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Do LeBron James and the Cavs really have only a 10 percent (or worse) shot of beating Kevin Durant and the Warriors? That’s awfully hard to believe. (AP photo/file)

Mismatch? Please. Warriors-Cavs will be another seven-game thrill ride

SHARE Mismatch? Please. Warriors-Cavs will be another seven-game thrill ride
SHARE Mismatch? Please. Warriors-Cavs will be another seven-game thrill ride

The Celtics and Lakers of the 1960s never did it. The Celtics and Lakers of the 1980s didn’t, either.

In fact, what the defending champion Cavaliers and the best-in-the-West Warriors are about to do — meet for the championship for a third consecutive year — is a first in NBA Finals history. Given the rosters of these teams, the streak probably won’t stop at three, either.

It’s the Bucket List — 10 observations on a best-of-seven series that starts Thursday in Oakland:

1. Speaking of the Celtics and Lakers, isn’t this the most tantalizing, most glamorous, most Goliath-on-Goliath Finals since Act 3 of Bird vs. Magic in 1987? Please, let me answer for you: Yes, it is.

There’ve been teams since then — the Jordan Bulls, the Shaq-Kobe Lakers, the “dynasty” Spurs — that had all-time-great chops. Yet those teams tended not to face quite the level of opposition in the Finals that these Cavs and Warriors are dealing with. And, hey, it’s the third time in a row. That’s some kind of drama, people.

2. Golden State is 12-0 this postseason. Cleveland is 12-1. There are many who are convinced such top-heaviness is terrible for the league. No doubt, the 2017 playoffs haven’t exactly been a nonstop thrill ride. But a seven-game Finals could change a whole lot of opinions.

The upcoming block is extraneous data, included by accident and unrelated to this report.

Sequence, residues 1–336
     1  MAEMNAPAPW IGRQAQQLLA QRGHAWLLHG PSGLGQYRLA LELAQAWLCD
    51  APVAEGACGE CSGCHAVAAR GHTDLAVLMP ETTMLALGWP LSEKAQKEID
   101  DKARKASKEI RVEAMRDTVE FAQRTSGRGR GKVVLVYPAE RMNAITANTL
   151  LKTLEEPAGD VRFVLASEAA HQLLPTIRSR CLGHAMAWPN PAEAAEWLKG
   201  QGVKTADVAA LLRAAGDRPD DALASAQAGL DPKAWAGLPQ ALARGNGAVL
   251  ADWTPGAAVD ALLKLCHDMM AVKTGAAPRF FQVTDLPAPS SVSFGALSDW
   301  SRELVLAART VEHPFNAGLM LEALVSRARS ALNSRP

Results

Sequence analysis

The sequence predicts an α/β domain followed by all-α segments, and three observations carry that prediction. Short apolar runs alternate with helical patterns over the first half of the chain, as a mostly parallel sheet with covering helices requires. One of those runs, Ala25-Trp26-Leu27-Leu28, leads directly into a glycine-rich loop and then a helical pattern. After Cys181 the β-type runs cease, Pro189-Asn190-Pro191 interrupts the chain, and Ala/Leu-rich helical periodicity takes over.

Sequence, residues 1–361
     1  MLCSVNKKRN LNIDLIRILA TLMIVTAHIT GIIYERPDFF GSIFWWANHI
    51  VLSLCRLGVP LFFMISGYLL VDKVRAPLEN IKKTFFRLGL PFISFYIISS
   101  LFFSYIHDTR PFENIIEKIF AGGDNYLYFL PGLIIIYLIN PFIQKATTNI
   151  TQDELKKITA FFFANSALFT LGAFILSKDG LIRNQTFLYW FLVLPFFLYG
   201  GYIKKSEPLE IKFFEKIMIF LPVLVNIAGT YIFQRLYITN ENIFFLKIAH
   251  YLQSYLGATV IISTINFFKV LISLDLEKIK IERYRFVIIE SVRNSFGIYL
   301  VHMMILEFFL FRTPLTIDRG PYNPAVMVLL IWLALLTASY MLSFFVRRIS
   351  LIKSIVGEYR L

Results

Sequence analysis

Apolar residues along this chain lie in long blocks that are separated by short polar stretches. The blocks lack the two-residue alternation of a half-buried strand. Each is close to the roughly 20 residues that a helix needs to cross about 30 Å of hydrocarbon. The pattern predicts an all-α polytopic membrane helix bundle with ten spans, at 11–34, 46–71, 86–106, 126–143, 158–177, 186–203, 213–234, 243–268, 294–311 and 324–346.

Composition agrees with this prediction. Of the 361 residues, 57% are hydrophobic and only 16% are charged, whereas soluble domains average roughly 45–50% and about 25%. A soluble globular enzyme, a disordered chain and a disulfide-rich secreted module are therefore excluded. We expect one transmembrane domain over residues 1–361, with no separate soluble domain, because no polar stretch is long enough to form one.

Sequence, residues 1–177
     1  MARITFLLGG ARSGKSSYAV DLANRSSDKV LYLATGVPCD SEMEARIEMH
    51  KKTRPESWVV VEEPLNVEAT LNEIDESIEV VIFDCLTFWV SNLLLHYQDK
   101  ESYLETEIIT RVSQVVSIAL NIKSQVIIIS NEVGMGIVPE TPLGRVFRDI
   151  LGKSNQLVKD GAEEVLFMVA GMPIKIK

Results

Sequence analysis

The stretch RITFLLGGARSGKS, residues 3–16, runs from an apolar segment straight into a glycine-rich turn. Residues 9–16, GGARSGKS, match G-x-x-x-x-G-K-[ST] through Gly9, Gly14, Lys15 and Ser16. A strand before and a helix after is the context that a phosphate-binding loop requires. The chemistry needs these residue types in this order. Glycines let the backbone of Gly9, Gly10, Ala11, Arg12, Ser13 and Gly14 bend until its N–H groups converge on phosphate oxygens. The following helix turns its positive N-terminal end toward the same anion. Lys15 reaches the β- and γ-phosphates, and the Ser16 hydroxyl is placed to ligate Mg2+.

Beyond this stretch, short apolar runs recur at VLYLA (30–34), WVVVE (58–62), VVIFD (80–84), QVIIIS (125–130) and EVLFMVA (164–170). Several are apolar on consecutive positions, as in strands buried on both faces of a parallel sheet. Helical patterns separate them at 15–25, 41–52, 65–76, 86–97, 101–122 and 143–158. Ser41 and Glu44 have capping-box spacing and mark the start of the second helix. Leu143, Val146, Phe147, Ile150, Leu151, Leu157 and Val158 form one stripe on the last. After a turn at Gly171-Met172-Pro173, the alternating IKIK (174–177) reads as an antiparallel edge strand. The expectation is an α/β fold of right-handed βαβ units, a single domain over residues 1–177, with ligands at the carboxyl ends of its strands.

3. ESPN’s Basketball Power Index gives the Warriors a 93 percent chance to beat the Cavs. Nate Silver’s FiveThirtyEight site has the Warriors at 90 percent. Here’s my scientific analysis: What a bunch of lunatics. This matchup is so much closer than that.

4. Yes, I get that the Warriors likely would’ve won last year’s Finals had Draymond Green not gotten himself suspended. Yes, I realize they’ve since added Kevin Durant, arguably a top-five player in the league, to the equation. I’ll still take LeBron James and Kyrie Irving over Durant and Steph Curry all day, though, and Cavs teammate Kevin Love finally seems back to his old self. Both teams are better than they were a year ago.

5. Going into this series, my power ranking of the teams’ stars begins with James, of course, and follows with, in order, Curry, Durant, Irving, Green, Love and Klay Thompson. Why do I suddenly want to argue with somebody over a beer about this?

6. It’s a big moment for Green, who can swing the series in his team’s favor if he defends at an elite level against James. The better Green’s “D,” the harder it’ll be for James on the other end to harass Durant. It’s shaping up as the greatest challenge of James’ career.

7. It’s a bigger moment for James, who is averaging 32.5 points in the playoffs, the second-highest number of his career. Remember: He led all players — on both teams — in points, rebounds, assists, steals and blocks in last year’s Finals. He has played the best basketball of his life against the Warriors the last two Junes.

8. Biggest question for the Warriors: Will Thompson rediscover his shooting eye after not being able to throw it in the ocean in the West finals against the Spurs? And for the Cavs: Can their greatly improved bench, led by guards Kyle Korver and Deron Williams, keep up with Golden State’s outstanding reserves?

9. I’m sure I’m not the only one rooting for ailing Warriors coach Steve Kerr to be with his team for Game 1 and the rest of the way. Come on, back, have a heart.

10. Ninety percent? I can’t get over how ridiculous that is. Watch this series go the distance, setting up a Game 7 classic. It’s the Finals we all deserve.

Follow me on Twitter @SLGreenberg.

Email: sgreenberg@suntimes.com

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